Python evolution: Unease

Discussion in 'Python' started by Iwan van der Kleyn, Jan 4, 2005.

  1. Please ignore if you are allergic to ramblings :)

    Despite a puritan streak I've always tried to refrain from language wars
    or syntax bickering; call it enforced pragmatism. That's the main reason
    why I've liked Python: it's elegant and simple and still dynamic and
    flexible. You could do worse for a clean and pragmatic language.

    I do know my Smaltalk from my Common Lisp and my Ruby from my C#, so I
    think I'm quite capable of escaping the "Blub paradox"
    http://c2.com/cgi/wiki?BlubParadox. I do miss some slick features in
    Python. But the nice thing about Python is that in those cases I can use
    its dynamism to implement it myself (and usually somebody else has done
    it for me, of course).

    In the end I'm not a language guru nor a framework wizard, but a mere
    mortal who designs and writes programs for end-users. For that task I
    need: a better standard ide, an integrated db interface with a proper
    set of db drivers (!!), a better debugger, a standard widget/windows
    toolkit, something akin to a standard for web programming, better
    documentation, a standard lib which is better organized, a formalized
    set of protocols and patterns for program construction. And an
    interpreter which is fast enough to avoid using C or Pyrex in most
    obvious cases.

    Many will say that Van Rossum's brainstorms/proposals as depicted in

    http://www.artima.com/weblogs/viewpost.jsp?thread=86641

    will help in the above mentioned. And I'm certainly not against Optional
    ype checking.

    But I see little to no efforts from the core python team to address my
    needs as listed above. They seem mainly to focus on the core attributes
    and syntax of the language. Very little or no efforts are taken to
    improve the infrastructure around the language.

    And then I read the following sentence by Van Rossum:

    "In order to make type inferencing a little more useful, I'd like to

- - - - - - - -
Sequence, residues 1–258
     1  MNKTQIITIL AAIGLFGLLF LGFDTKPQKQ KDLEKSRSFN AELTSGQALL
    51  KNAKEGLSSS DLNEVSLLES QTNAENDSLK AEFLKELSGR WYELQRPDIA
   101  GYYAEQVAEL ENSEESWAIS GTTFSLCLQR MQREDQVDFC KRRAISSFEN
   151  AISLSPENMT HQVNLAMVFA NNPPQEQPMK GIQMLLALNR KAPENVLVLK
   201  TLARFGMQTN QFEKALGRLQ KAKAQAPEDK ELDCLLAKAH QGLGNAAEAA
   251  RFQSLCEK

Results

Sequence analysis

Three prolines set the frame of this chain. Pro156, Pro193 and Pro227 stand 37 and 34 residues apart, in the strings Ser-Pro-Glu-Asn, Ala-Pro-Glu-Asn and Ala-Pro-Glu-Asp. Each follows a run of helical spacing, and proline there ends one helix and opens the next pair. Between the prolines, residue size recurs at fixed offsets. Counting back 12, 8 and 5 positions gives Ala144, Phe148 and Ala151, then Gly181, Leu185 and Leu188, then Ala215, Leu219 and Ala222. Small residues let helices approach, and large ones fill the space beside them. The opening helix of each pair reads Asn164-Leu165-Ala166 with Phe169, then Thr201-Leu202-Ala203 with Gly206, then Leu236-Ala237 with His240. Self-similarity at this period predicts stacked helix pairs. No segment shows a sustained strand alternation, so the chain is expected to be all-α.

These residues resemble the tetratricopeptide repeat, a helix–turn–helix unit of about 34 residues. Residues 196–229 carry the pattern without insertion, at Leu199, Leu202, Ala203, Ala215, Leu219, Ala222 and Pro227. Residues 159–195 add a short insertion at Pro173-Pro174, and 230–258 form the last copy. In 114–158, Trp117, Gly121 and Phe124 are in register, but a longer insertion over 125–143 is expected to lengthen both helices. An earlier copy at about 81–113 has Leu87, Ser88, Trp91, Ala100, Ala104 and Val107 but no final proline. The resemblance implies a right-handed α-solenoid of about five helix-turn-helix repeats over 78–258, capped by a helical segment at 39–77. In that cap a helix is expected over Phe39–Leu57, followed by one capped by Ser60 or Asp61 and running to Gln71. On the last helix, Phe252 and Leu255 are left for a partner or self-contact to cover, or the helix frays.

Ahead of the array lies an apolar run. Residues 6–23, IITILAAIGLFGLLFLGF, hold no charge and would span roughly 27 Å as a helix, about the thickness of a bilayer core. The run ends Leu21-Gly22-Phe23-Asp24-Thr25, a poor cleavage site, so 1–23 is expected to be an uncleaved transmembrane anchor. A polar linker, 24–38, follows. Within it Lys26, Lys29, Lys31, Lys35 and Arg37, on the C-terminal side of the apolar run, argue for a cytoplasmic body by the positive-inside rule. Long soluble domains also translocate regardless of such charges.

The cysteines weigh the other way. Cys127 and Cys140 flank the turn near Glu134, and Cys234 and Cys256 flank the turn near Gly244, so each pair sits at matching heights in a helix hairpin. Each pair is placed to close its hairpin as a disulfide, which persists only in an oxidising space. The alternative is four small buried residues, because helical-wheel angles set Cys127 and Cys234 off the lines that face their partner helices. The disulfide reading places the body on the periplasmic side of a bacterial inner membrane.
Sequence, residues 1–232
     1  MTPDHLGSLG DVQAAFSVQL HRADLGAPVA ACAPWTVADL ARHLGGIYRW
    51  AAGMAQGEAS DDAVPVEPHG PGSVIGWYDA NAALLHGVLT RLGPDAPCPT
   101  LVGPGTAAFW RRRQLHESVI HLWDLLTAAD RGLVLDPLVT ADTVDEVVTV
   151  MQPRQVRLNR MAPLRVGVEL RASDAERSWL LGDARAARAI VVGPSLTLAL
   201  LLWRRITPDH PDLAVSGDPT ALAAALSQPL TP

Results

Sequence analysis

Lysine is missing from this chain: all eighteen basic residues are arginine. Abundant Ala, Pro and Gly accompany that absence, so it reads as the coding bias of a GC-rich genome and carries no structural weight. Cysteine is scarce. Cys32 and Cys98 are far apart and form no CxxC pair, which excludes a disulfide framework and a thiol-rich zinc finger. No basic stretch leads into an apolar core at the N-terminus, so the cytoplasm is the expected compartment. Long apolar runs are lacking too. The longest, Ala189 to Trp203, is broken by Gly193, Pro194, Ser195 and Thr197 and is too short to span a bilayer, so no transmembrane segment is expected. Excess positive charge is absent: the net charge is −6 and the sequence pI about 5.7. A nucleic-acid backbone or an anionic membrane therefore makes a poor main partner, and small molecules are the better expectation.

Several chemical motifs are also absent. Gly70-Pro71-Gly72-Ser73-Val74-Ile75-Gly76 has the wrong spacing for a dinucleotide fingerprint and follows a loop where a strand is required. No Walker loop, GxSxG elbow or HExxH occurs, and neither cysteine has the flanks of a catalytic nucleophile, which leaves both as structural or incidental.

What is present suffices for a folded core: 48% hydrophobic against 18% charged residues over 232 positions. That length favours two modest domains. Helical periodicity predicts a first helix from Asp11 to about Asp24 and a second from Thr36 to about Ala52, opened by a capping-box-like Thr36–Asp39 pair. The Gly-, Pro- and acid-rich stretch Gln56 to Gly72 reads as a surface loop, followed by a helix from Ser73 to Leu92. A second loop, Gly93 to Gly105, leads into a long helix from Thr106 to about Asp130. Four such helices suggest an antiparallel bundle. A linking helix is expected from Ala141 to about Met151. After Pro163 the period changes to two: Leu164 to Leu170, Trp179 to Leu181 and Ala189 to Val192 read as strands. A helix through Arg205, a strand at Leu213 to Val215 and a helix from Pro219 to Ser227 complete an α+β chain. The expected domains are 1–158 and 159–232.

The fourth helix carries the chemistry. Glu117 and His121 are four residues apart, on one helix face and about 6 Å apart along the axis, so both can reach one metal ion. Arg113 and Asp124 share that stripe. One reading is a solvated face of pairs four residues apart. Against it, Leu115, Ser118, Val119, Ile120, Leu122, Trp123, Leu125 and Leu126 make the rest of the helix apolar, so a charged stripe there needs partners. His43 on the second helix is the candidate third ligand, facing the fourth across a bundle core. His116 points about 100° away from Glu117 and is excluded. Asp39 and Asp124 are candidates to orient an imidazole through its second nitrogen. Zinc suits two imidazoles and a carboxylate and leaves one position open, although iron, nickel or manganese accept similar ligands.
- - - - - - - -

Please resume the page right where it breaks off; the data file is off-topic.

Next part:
restrict certain forms of extreme dynamic behavior in Python"

    In the end, it's mindset which counts. And I think that mindset is going
    to be determine the way foreward for Python: more features, increased
    complexity, less dynamism. Lots of syntax crud, without addressing the
    need to improve the infrastructure around the language.

    In short: I symphatize Patrick Logan's feeling:

    http://patricklogan.blogspot.com/2005/01/road-to-ruin.html








    Regards,

    Iwan van der Kleyn
    Iwan van der Kleyn, Jan 4, 2005
    #1
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  2. Iwan van der Kleyn

    flamesrock Guest

    Well, I'm not a seasoned programmer like you but I have to say Python
    is the singlebest language I've worked with to date. In a matter of
    weeks I learned to do things that took me months in other languages and
    even found the process enjoyable.

    Maybe you are right. If so, couldn't Python be forked into something
    like you describe, while still remaining compatible at the core? (if
    anyones willing)

    Python++ anyone?
    flamesrock, Jan 4, 2005
    #2
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  3. Iwan van der Kleyn

    Paul Rubin Guest

    "flamesrock" <> writes:
    > Maybe you are right. If so, couldn't Python be forked into something
    > like you describe, while still remaining compatible at the core? (if
    > anyones willing)


    It's not an issue with the Python core (language); I read that post as
    mostly bemoaning the poor state of the runtime library. I feel the
    same concerns, however, fixing it is a lot of work.
    Paul Rubin, Jan 4, 2005
    #3
  4. Iwan van der Kleyn

    Guest

    Maybe a PSF grant would help? I guess this has been considered ...
    Michele Simionato
    , Jan 4, 2005
    #4
  5. Iwan van der Kleyn <> wrote:

    > to be determine the way foreward for Python: more features, increased
    > complexity, less dynamism. Lots of syntax crud, without addressing the


    As a student of human nature, I'm _really_ curious as to how one could
    possibly read the key document:
    http://www.python.org/peps/pep-3000.html
    and think in consequence of "more features, increased complexity".

    Also, you keep talking about "the core python team" on the basis, it
    would appear, of reading one document by Guido. Have you bothered doing
    a MINIMUM of homework, such as, looking at